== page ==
Tuesday, December 1, 2009

Carlyle Group Made by "Arab Money," Now Angry

Funny what a $50 million loss does to some people. A prominent Kuwaiti conglomerate is suing The Carlyle Group for its total loss in Carlyle Capital Corporation (CCC). CCC imploded in March 2008. The Channel Islands based mortgage backed security fund was leveraged 39 to 1. The Kuwaiti firm's $50 million was part of that "1". FT reported:

The implosion of CCC has damaged Carlyle’s reputation in the Middle East, where the affiliate raised most of its funding, according to people familiar with the matter. It is a personal setback for Carlyle’s co-founder and chief fundraiser, David Rubenstein, a frequent visitor to the Gulf.

Arab money made Carlyle what it is,” said the head of the investment bank of one major financial institution in Dubai.

They aren't the only one suing David Rubenstein's firm for false marketing. Michael Huffington wants his $20 million back. Mr. Rubenstein approached the angry investors with an apology and promise to invest future money for fewer fees. The Kuwaiti's didn't like the offer.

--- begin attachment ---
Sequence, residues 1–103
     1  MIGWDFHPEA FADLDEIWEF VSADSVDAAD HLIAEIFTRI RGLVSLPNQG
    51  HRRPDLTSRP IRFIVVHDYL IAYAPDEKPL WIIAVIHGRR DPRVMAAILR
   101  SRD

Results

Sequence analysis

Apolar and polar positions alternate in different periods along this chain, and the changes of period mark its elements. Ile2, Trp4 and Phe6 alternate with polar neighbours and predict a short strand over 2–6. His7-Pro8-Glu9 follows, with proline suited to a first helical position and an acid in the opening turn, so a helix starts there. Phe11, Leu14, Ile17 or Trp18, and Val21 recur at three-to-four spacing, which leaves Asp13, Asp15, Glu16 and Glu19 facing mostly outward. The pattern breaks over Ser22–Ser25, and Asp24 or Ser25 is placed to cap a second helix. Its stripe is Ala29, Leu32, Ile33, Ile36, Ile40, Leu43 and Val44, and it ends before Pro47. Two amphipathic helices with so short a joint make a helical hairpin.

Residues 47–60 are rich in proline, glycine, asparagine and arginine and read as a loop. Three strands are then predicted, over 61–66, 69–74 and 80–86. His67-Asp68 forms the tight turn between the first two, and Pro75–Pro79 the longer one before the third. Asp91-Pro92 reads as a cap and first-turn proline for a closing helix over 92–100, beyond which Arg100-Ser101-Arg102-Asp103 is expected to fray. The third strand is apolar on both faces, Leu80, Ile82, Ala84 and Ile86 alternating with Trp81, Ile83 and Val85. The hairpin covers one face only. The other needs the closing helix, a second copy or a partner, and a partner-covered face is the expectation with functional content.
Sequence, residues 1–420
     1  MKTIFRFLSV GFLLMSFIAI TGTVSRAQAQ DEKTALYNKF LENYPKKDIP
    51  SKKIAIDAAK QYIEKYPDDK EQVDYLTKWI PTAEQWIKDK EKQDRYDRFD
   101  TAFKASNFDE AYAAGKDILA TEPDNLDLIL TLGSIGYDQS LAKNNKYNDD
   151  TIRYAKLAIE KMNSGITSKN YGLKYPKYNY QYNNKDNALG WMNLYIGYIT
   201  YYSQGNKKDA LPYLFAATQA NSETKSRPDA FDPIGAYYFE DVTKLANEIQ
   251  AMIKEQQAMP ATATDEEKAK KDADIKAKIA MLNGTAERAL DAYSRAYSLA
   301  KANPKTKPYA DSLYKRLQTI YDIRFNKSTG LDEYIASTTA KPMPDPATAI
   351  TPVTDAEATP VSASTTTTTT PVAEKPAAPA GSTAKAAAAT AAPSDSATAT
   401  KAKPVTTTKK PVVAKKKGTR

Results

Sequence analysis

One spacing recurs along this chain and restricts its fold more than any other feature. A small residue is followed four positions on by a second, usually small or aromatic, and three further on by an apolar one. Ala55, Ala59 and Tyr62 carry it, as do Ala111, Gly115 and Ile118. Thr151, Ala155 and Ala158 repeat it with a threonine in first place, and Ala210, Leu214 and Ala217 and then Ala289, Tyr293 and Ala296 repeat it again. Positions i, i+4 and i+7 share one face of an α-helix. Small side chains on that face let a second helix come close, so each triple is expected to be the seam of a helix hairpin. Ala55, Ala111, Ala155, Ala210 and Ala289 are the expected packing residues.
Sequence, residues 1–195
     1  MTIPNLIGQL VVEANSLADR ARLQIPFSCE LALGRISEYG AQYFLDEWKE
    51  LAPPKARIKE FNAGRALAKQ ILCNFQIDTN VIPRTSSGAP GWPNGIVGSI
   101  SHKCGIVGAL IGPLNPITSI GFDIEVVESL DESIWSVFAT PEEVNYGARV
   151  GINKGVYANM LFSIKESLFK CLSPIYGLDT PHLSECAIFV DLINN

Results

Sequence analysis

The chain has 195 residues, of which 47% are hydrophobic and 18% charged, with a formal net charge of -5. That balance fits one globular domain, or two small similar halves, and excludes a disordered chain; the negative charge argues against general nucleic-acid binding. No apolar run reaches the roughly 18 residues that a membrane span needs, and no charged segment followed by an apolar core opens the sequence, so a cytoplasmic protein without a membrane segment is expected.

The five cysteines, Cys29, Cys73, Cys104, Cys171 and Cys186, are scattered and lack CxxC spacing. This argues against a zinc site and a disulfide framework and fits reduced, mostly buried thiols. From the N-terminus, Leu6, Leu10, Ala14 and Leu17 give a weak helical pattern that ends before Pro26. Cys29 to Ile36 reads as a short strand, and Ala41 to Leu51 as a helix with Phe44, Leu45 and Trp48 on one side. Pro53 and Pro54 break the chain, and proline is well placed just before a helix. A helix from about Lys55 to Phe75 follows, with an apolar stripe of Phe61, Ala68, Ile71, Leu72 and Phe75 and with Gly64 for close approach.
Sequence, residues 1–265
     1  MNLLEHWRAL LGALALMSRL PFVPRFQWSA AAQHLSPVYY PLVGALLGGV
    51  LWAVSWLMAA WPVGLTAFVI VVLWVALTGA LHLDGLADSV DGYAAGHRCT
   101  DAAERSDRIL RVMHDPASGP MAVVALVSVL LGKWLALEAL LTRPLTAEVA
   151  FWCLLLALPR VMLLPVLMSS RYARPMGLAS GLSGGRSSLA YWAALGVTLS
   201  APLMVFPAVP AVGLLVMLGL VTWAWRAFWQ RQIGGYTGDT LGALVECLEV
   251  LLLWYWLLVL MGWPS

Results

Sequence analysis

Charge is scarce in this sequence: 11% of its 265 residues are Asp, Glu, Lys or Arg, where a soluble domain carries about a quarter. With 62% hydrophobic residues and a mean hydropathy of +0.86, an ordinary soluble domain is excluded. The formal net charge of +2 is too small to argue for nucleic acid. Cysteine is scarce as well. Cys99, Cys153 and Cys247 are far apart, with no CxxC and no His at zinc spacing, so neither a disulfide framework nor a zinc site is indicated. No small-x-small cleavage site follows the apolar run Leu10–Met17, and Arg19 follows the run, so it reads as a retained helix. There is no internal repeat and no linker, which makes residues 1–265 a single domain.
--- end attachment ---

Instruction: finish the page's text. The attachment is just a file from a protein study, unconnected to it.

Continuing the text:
NIG’s decision (to sue) came several months after a stormy meeting in Kuwait involving Mr Rubenstein and Saad Al Saad, the head of NIG and the patriarch of one of Kuwait’s wealthiest families.

The meeting was abruptly terminated after a young Carlyle staffer told the NIG executives to lower their voices, according to people familiar with the matter.

NIG was also angry that the meeting was attended by the general manager of a fund that Carlyle was in the process of launching – the Hong Kong-based Asian Growth Fund.

The Middle East and Dubai were the "it" region not long ago. How long will China last? Who else will sue for investments gone bad? Will Mr. Rubenstein improve his sales pitch to angry investors? Who will rise to David's defense? Maybe, James A. Baker, III. Baker Botts has offices in the Middle East.

BusinessWeek quoted Rubenstein on Dubai:

"Don't count Dubai out," says Carlyle Group co-founder David Rubenstein. "It has world-class infrastructure, a high-quality talent pool, and will continue to be an important financial center for decades to come."
Ever the salesman?